Warren Buffett famously said, “You only find out who is swimming naked when the tide goes out”. The current global economic crisis has left many industries exposed to the falling tide; however, the Indian microfinance industry has proven to be buoyant and has emerged thriving, or “fully clothed”. This is quite appropriate in a country where people are fully clothed even when they swim in the waters on the ghats of Varanasi or elsewhere.
We believe the Indian microfinance sector presents an attractive investment opportunity. This view is apparently shared by investors such as Legatum, Sandstone, Sequoia, Silicon Valley Bank, Valiant, and others who have made recent investments. This industry catering to poor borrowers, which until five years ago was primarily sustained by aid money, has proven to be highly profitable.
The same borrowers, who are largely unaffected by the global economy, have now withstood the test of time, their creditworthiness demonstrated by the continuous strong repayments. The phenomenal growth of the Indian microfinance sector coupled with empirical evidence that it is relatively uncorrelated to the global economic situation, have driven significant investor interest.
Recession Proof Growth
The Indian microfinance sector has experienced massive growth, with both the number and sizes of microfinance institutions (MFIs) having exponentially multiplied in the last few years. Despite the economic crisis, the portfolio and client outreach of MFIs has grown by 97% and 60% respectively in the last financial year, implying a gross portfolio of more than Rs. 11,700 crore and 17.9 million active borrowers as on 31 March 2009.
This translates to an average loan outstanding of Rs. 6,500 and the numbers in aggregate reflect the fortune at the bottom of the pyramid. Most of the better performing MFIs have had triple digit portfolio growth rates.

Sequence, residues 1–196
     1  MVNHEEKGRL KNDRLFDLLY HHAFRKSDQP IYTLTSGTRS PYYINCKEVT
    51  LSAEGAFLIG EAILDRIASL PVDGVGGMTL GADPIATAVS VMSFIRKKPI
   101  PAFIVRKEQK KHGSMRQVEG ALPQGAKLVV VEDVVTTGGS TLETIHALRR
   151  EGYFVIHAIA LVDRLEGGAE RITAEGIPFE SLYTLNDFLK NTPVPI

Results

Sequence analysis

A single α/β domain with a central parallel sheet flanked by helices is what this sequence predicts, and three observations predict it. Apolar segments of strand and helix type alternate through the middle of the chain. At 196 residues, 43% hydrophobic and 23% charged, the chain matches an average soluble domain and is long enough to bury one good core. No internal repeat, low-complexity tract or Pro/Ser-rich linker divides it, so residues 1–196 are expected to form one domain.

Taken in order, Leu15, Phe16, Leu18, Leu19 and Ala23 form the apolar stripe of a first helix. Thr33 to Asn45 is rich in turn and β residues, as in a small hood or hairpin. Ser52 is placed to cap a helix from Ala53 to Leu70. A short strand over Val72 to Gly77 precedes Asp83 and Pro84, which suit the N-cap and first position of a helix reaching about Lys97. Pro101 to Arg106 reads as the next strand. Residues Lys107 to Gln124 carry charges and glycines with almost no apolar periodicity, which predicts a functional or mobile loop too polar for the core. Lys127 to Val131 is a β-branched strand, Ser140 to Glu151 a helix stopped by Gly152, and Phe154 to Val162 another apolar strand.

This is just the tip of the iceberg though – MFIs have reached only 3.5% of the poor in India, signifying that there is an immense untapped terrain, yet to be explored. Growth has largely been skewed towards Southern India and microfinance is in its infancy in the North and the West. We describe below what has driven this strong, recession proof growth, as well as some of the sector’s challenges.
The phenomenal success of microfinance has been strongly facilitated by the Indian Government, including the RBI, by having furthered financial inclusion and nurtured the MFIs over the years.
The foremost initiative is the guideline on priority sector lending for all banks, which has incentivized debt funding to MFIs, even during the current crisis. Additionally, the dedicated and sustained efforts of state owned developmental financial institutions like SIDBI, NABARD and RMK have been indispensable to fostering Indian microfinance.
Going forward, the proposed creation of a national unique identification number will make feasible tracking of individual credit histories, exposures and developmental indicators. The Government will hopefully be even more helpful in the future by enacting legislation that allows the larger MFIs, which are NBFCs and have robust systems and processes, to mobilize savings deposits.
Specific legislation on microfinance is pending approval from the Parliament and is expected to provide a proactive and focused regulatory framework, standardized reporting and increased transparency.
The consistently robust repayment performance of the underlying clientele is the most impressive aspect of Indian MFIs. Overall default rates are much lower than most banks – often less than 1%. The reasons are manifold: (1) Non-payment would mean cutting off the poor borrower’s cheapest source of funding (2) India is still a highly community-centric society, which makes social collateral (peer pressure) very effective (3) The demand for micro-borrowers’ goods and services is typically stable and often comes from others in the same economic stratum and (4) For micro-borrowers, the return on investment is much higher than the cost of debt.
Increasing Funding Options
Indian MFIs have not yet been permitted to mobilize deposits. This had left MFIs with little choice but to largely mobilize term loans from banks and on-lend the funds on to the micro-borrowers.
Of late, there have been instances of select larger MFIs issuing listed debt instruments like commercial paper and non-convertible debentures – a recent media report stated that MFIs were looking to raise Rs. 1,000 crore this financial year through the issue of such instruments.